milk bar
Inside Milk Bar’s Huge New Flagship, a Sugar-Fueled Playground

Christina Tosi’s new flagship location of Milk Bar—you know, the bakery that everyone is obsessed with (including us!)—is a must visit. With create your own cookie and cake stations and a mini convenience store stocked with the CEO and ICC alumna’s favorite snacks, you won’t want to miss out on this playground of sweet treats from the imagination of Christina Tosi. Read more about the new location in Eater New York.

Turkey tips from the pros! Check out what ICC’s Director of Culinary Arts & Technology Chef Hervé Malivert recommended to CBS New York to create the perfect turkey for your Thanksgiving table.

ICC alumnus Alex Roberts just celebrated 20 years of operating Restaurant Alma in Minnesota. Read his interview in Star Tribune to learn how he’s grown as a CEO + Restaurateur and what it’s like to be one of the best restaurants in the Midwest.

Want a new snack that you can feel good about? Professional Culinary Arts graduate Kyle Fiasconaro is brewing up something delicious with his line of crackers! Brewer’s Crackers is a “spent grain” cracker company driven to reduce food waste in the craft brewing industry. Read more about it in The Upstocker.

Check out the review of ICC graduate, Chef Meny Vaknin’s Mediterranean restaurant MishMish in North Jersey! Recently renovated, critics returned to the restaurant and couldn’t get enough of his delicious food inspired by his childhood. Read the review here.

bon appetit
Erika Nakamura and Jocelyn Guest on Butchering, Motherhood, and Starting Over

Erika Nakamura, along with wife & business partner Jocelyn Guest, recently opened J & E Small Goods to focus on sustainable sausage. Check out their interview in Bon Appétit to get insights into the world of owning a food business all while juggling life as new parents.

The Hand Sell: Top Wines From New Jersey Sommelier Vanessa Da Silva

Vanessa Da Silva, ICC’s 2019 Outstanding Alumni Award Winner for Outstanding Sommelier, spoke with Forbes to give her favorite wines of the moment. Check out the article and see which wines she’s recommending to her customers now!

Thinking about a career in pastry? Culinary Agents spoke with Rachel Kwon, one of ICC’s dedicated Pastry Chef Instructors and learned her tips and tricks for excelling in the sweet world of pastry. Read more here.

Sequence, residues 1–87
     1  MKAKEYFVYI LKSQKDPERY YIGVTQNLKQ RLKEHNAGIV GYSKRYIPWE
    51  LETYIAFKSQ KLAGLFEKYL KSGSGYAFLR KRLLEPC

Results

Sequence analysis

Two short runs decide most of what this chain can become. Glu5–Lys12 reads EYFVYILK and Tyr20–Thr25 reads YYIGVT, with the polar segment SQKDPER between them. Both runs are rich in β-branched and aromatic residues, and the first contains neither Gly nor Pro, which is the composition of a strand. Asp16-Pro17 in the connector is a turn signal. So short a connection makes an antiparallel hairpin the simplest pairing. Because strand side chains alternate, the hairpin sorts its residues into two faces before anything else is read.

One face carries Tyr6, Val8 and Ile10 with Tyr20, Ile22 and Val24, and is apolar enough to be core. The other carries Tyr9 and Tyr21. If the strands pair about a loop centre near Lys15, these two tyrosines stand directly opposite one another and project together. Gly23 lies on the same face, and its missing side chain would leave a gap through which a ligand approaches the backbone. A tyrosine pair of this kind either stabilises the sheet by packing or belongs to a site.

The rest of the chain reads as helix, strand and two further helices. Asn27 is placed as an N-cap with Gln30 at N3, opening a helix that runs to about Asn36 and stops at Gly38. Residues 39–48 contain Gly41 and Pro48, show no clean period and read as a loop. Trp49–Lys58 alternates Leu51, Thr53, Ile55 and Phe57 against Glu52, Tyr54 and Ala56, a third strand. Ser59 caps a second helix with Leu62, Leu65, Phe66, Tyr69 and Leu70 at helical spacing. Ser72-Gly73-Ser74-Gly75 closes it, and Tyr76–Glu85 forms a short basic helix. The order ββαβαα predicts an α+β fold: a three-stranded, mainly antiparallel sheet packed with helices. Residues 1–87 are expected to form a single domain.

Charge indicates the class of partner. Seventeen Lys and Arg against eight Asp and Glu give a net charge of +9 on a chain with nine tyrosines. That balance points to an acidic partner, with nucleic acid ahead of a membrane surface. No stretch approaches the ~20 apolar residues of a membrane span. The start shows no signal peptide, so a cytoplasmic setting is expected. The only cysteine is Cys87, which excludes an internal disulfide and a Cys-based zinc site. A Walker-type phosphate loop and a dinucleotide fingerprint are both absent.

At Farine + Four in Omaha, customers can’t get enough of ICC alumna Ellie Pegler’s breads. Before bringing her talent back to her home state, she trained at Michelin-starred Marea and Vaucluse, where she was head baker. Read more about her bakery in Omaha World Herald!

Professional Culinary Arts graduate Jeffrey Finkelstein, also known as Montreal’s best baker, is expanding his popular bakery Hof Kelsten to a new bakery named Hof Sucrée. Grab some of his creations at the Time Out Montreal market! Read more about the bakery here in Time Out.

ICC alumna Clarice Lam, owner of the popular bakery, Baking Bean, shared her Mulled Wine Poached Pear Pavlova with Mascarpone Cream in Pastry Arts Magazine. Get her recipe and recreate this warm and cozy recipe for the holiday season here.

Mark Bittman, author of over 15 cookbooks and guest lecturer at Columbia’s School of Public Health, hosted some of his recent classes at ICC. In this article with Medium he shared this seasoning blend, suya spice from Nigeria, which was taught in the class. Get the recipe here, you won’t be disappointed!

make lasagna
How To Make Lasagna For Two from Don Angie

Want to learn how to make lasagna the Don Angie way? Watch ICC’s 2019 Outstanding Alumni Award Winner for Excellence in Culinary, Scott Tacinelli, along with wife and co-owner Angie Rito, make their signature dish with Munchies! You’ll love the crispy edges and gooey cheese—watch here.

Watch David Chang, ICC alumnus and star of Netflix’s new show Breakfast, Lunch & Dinner try to guess which celebrity made this dish! Attempt to guess the correct celebrity answer before he does on Buzzfeed’s Tasty Youtube channel, watch here.